49. This whole “would you sign your child up” bit is quite possibily one of the stupidest things Michael Moore has ever said, and Michael Moore is a man who cannot open his mouth without something stupid coming out.

    I would pay good money to see anyone who’s freely enlisted in the military, without Mommy or Daddy “signing them up,” punch Moore in the eye for saying that.

  50. I feel it’s a luxury we can’t currently afford until AFTER we handle more pressing issues.

    I feel that elective wars like Iraq that are not necessary for our security are tragedies that we can never afford.

    I am also not discouraged because Michael Moore, someone who has little appreciation for liberty and has mastered the art of deceiving without actually lying, happens to be on my side on this issue.

    There are better movies about the Iraq war:

    http://www.mef.tv/index.php?agent=E1001M100904

    and more principled opponents of the Iraq war:

    http://www.antiwar.com/

  51. If Saddam and al Qaeda and/or its affiliates were in cahoots, then Hussein’s regime deserved the ass-kicking it got. The evidence for that “if” does not stretch to active participation in the 9/11 attacks, but to the extent the Ba’athists and the Islamofascists were enabling subsequent or previous harm to the USA, I would back the attack. If that evidence was too sketchy, I would have waited. The WMD was, essentially, a side issue that was more important in regards to threats to Iraq’s neighbors. Stupidly, various American presidents have made defense guarantees to states in the region that made threats to them “our business.” It is the classic problem of defending an unnaturally extended perimeter.

    The nation-building wasn’t necessary to defend the U.S., either. “Destroy the enemy’s war-making ability, hang a few war criminals, and get out of Dodge” would have been smarter, but, again, our web of official and unofficial alliances made that sort of approach problematic.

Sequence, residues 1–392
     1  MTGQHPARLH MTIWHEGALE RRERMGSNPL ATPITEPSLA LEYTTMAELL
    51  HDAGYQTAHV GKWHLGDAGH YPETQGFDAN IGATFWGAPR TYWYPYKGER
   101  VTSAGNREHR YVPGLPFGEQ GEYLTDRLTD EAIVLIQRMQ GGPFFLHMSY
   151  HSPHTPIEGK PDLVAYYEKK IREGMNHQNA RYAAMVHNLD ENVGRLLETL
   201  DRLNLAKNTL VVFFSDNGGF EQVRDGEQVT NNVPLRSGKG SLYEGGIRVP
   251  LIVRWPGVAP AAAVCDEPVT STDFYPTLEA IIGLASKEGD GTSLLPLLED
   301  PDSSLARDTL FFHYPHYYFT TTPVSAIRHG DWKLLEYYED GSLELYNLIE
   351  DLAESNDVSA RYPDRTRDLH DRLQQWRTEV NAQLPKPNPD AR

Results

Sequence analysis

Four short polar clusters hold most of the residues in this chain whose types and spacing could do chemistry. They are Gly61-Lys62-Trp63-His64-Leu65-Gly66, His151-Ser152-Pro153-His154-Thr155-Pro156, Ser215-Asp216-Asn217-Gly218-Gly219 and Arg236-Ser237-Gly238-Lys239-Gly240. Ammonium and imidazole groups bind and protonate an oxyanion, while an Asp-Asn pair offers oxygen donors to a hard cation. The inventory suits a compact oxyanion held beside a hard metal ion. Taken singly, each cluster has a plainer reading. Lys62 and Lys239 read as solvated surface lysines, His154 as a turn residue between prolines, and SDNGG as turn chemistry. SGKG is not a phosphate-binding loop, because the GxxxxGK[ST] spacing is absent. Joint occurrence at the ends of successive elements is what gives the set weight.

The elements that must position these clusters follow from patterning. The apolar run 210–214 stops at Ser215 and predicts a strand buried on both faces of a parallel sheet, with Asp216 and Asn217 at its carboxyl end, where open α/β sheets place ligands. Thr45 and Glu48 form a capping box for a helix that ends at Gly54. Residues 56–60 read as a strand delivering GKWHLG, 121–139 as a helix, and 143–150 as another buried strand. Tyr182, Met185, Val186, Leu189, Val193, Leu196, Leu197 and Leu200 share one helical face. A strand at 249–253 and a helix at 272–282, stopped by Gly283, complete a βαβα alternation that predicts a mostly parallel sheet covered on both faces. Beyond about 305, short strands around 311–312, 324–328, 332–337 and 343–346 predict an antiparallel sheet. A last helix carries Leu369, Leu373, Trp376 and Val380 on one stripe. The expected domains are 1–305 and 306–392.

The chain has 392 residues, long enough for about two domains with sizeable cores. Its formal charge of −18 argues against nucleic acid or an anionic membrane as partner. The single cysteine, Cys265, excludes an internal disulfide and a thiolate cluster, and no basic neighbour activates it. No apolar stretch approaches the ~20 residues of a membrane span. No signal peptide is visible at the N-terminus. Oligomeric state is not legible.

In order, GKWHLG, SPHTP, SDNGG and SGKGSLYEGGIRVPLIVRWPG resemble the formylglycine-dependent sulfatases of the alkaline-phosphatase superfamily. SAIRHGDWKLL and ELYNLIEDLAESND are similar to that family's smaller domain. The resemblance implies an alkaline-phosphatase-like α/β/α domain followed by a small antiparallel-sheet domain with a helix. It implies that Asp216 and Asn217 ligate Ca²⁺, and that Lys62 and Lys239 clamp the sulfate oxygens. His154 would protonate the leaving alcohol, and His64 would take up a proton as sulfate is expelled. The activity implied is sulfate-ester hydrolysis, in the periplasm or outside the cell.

Kevin

  52. MM: “Would you sir send your child to Iraq?”

    Me: “Well, that would be their fucking choice, wouldn’t it?”

  53. Jennifer, when the USA unleashes an all-out strategic attack against NK, you’ll be the very first to bemoan it (“How did they threaten us? Why didn’t we attack [some other dictatorship] first?” etc.)

    I’m sure that one consideration that’s stayed our sword so far is that when we hit NK, South Korea is going to have a very bad day. Another problem is China’s reaction.

    I’m looking forward to reading your outrage when Israel takes care of our Iran problem for us.

  54. The Palestinians were not sacrificing their children before the establishment of Israel and the subsequent Israeli ethnic cleansing of the Palestinians

    “Ethnic cleansing”? After fifty-plus years of “ethnic cleansing” the Palestinian population has dramatically increased. So much for the theory that Jews are smart and talented, I guess; they appear to be the most incompetent perpetrators of genocide in the history of the human race.

    Tell me, genius: the Jews lost 6,000,000 people during the five years of the Holocaust, while the Palestinians have lost 13,000 since 1948. Jews died at approximately five thousand times the rate that Palestinians have died during the Israeli “ethnic cleansing”. Yet the Jews didn’t train their children to be suicide bombers. They didn’t embrace the mass-murder of German children. So how can “ethnic cleansing” be the explanation for the Palestinian love of mass murder?

    Also, how do you reconcile your theory with the fact that Haj Amin al-Husseini, the leader of the Palestinians during the 1930s and 1940s, encouraged the Germans to come to Palestine and exterminate the Jews there? The Nazis even gave him funding. Are we to believe that it’s just a coincidence that Palestinian leaders have been advocating the genocide of Israeli Jews since before Israel was even founded? That there’s some *other* explanation for pre-1948 genocidal urges, while the *post*-1948 genocidal urges are the fault of the Israelis?